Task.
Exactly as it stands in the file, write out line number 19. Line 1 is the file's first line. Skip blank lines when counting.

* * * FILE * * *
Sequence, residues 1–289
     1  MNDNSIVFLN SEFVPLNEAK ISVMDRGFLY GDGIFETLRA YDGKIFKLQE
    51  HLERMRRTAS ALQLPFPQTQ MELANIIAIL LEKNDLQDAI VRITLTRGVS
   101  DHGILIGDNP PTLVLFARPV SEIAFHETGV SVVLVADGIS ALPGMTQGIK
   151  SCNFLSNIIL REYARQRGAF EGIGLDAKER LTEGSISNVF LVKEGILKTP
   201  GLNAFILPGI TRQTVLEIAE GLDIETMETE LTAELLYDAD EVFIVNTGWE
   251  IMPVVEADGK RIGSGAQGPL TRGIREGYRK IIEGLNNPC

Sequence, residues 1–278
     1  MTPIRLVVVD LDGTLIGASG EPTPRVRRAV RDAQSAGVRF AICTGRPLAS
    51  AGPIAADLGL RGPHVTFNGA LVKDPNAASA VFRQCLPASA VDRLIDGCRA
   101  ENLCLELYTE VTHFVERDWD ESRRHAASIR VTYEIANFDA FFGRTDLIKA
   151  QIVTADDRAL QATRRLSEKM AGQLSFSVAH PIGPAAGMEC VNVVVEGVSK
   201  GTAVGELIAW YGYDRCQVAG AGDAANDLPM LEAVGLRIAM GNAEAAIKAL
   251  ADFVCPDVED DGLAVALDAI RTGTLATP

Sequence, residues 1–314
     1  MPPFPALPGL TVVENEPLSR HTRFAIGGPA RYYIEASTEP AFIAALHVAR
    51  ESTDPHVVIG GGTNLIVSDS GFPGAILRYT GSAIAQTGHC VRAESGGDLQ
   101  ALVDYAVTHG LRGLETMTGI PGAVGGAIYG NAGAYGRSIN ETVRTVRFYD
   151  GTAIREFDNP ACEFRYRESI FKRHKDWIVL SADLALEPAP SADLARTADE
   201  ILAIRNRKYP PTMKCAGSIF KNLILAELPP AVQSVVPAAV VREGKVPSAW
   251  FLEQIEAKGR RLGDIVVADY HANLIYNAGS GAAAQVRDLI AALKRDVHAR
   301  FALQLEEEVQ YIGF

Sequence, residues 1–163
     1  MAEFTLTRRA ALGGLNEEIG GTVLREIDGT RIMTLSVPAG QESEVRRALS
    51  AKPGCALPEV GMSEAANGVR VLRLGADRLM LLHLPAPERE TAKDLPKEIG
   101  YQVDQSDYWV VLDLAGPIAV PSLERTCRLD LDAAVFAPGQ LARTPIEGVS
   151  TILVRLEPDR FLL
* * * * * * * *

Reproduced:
   151  GTAIREFDNP ACEFRYRESI FKRHKDWIVL SADLALEPAP SADLARTADE